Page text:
Canada opts for Ruff ride

TERRY JONES, SUN MEDIA

, Last Updated: 1:27 AM ET

In the end, Doug Armstrong decided it was not fair to put Craig MacTavish in such a tough position.

"I felt he had enough on his plate - that he didn't need this," the GM of Team Canada said yesterday of deciding not to offer the Oilers bench boss the head coaching job for the upcoming IIHF World Championships in Switzerland.

Team Canada opens the tournament Apr. 24 against Belarus.

"It looked like it's been a trying year for Craig. I was trying to get a feel where everybody was," he said of the coaches who missed the playoffs, three of whom are the NHL's most tenured coaches: MacTavish, Buffalo's Lindy Ruff and Nashville's Barry Trotz.

When the Sabres followed the Oilers out of the playoffs, Armstrong offered the job to Ruff, a native of Warburg.

Together they then selected Trotz and Dave Tippett of the Dallas Stars to join the staff.

MacTavish is expected to offer some statement in regard to his future with the Oilers this morning.

When it comes to Oilers' players on Team Canada, there's the expectation that 39-year-old netminder Dwayne Roloson will get the call, despite being the oldest netminder in NHL history to to start 36 consecutive games and play in 60 in a season.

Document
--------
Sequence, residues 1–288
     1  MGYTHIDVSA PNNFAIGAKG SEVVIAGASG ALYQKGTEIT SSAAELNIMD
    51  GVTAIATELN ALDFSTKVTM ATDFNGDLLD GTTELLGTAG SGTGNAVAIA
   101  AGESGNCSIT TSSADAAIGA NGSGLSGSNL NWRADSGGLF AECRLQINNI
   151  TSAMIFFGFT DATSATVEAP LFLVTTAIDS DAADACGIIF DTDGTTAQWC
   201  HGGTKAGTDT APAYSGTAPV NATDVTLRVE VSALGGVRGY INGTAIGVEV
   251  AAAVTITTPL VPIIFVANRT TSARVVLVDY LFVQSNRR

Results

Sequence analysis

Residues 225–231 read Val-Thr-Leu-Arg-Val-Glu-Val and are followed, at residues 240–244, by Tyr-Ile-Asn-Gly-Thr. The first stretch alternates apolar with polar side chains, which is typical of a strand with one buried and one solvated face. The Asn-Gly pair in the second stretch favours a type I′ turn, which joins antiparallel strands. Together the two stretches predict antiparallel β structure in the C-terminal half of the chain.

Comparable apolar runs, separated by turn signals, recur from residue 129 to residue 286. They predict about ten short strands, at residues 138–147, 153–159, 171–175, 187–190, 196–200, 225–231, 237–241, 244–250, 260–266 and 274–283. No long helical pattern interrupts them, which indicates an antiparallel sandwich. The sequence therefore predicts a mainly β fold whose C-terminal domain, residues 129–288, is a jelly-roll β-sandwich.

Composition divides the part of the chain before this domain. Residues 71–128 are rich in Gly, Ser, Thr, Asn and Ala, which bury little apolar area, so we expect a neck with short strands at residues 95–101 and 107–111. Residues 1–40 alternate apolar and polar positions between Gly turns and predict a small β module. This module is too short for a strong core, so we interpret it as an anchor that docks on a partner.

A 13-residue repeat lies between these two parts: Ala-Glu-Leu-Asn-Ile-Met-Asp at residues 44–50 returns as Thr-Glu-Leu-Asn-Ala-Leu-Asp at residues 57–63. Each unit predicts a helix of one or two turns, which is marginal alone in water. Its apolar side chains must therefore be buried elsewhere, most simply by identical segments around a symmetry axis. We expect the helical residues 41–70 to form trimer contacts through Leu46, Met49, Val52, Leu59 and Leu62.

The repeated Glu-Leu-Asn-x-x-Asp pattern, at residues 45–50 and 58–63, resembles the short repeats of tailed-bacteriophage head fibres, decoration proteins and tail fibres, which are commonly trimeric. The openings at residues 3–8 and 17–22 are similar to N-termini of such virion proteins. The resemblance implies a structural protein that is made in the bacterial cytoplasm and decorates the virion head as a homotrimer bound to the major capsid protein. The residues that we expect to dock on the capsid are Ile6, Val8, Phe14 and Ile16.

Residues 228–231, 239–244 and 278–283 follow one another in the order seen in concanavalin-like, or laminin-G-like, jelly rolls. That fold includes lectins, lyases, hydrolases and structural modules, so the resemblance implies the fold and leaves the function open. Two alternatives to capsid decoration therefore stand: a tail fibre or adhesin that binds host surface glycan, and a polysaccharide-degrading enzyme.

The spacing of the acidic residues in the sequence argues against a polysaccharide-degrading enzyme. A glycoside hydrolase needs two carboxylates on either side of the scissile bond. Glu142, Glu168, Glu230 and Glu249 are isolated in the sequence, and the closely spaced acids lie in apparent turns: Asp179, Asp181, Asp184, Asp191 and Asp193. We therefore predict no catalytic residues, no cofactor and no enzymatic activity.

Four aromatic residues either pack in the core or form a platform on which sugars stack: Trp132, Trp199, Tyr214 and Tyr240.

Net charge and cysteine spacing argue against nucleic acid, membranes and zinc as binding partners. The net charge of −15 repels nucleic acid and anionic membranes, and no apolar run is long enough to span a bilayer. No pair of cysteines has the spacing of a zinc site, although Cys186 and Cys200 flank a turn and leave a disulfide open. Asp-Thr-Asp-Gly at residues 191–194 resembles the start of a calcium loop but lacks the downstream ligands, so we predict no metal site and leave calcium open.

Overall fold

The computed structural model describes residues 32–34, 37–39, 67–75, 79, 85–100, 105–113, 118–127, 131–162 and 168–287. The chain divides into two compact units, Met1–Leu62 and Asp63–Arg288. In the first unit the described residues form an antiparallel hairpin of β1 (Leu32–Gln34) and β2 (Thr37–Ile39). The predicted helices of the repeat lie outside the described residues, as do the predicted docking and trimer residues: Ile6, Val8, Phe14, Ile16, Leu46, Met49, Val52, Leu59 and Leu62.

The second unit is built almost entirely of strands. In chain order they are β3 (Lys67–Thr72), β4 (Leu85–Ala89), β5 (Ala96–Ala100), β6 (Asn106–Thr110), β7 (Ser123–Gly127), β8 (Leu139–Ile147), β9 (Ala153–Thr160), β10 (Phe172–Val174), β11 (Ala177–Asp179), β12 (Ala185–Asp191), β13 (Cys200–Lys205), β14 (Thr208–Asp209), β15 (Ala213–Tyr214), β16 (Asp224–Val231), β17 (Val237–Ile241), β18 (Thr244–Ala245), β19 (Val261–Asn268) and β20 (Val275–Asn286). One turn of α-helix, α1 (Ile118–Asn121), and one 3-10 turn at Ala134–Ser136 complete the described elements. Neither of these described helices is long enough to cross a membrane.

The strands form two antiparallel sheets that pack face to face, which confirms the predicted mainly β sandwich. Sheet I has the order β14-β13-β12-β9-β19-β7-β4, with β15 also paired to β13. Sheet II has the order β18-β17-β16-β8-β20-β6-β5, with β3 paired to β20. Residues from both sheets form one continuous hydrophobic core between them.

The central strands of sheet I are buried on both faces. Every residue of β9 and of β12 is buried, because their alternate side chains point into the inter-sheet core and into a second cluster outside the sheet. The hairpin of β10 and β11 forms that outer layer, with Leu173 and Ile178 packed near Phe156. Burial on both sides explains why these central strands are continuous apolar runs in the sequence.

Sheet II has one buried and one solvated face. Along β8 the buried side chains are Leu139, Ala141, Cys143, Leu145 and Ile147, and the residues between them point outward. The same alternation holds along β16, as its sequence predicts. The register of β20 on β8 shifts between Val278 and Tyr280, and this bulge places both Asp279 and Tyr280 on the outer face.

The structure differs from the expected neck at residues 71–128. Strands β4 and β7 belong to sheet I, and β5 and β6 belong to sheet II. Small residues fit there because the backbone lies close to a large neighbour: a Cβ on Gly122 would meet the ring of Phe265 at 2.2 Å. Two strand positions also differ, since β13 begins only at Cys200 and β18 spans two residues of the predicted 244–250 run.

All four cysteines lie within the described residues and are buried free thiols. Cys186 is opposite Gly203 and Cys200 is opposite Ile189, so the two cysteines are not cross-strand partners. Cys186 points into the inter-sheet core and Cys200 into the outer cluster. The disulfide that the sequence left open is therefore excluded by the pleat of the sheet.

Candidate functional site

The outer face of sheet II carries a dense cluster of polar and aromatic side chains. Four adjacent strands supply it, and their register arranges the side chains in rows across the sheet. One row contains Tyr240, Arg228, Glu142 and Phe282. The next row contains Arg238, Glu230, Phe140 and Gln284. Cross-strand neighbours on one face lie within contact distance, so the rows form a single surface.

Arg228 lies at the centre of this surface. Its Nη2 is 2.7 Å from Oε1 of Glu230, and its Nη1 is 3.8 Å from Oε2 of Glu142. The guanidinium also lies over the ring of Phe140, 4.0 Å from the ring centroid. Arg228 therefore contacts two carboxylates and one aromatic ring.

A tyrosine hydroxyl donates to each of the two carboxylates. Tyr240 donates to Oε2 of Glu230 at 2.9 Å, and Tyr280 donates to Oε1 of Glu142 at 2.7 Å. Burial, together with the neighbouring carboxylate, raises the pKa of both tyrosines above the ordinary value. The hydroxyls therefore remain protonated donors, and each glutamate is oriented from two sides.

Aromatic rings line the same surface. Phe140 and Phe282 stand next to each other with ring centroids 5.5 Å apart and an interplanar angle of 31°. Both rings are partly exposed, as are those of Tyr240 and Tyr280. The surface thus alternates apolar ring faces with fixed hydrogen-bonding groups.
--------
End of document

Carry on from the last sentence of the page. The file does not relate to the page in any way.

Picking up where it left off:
It's believed that Team Canada also had interest in Sheldon Souray, but that he had advanced word through Edmonotn GM Steve Tambellini that he did not wish to be considered this time.

That likely would leave Sam Gagner and Andrew Cogliano as the only remaining Oilers to potentially join what is expected to be a very young team.

Three spots - one for a goaltender, one for a defenceman and one for a forward - will be left open for players from teams knocked out in the first round of the Stanley Cup playoffs.

Ruff has just completed his 12th season as Sabres head coach. Trotz was an assistant with Team Canada in Sweden in 2003.

"It's a little intimidating, especially on the heels of coming off a disappointing finish for our team," Ruff told The Canadian Press.

"I think these experiences really do lend to improving yourself as a coach. New ideas, new ways of looking at things, new ways of approaching different situations in a game.

"You're standing behind a bench with a couple coaches that have tremendous respect in our league and I have tremendous respect for. I just think it's going to be a great experience."

Tippett represented Canada as a player at two Olympics and won silver in 1992 in Albertville, France.


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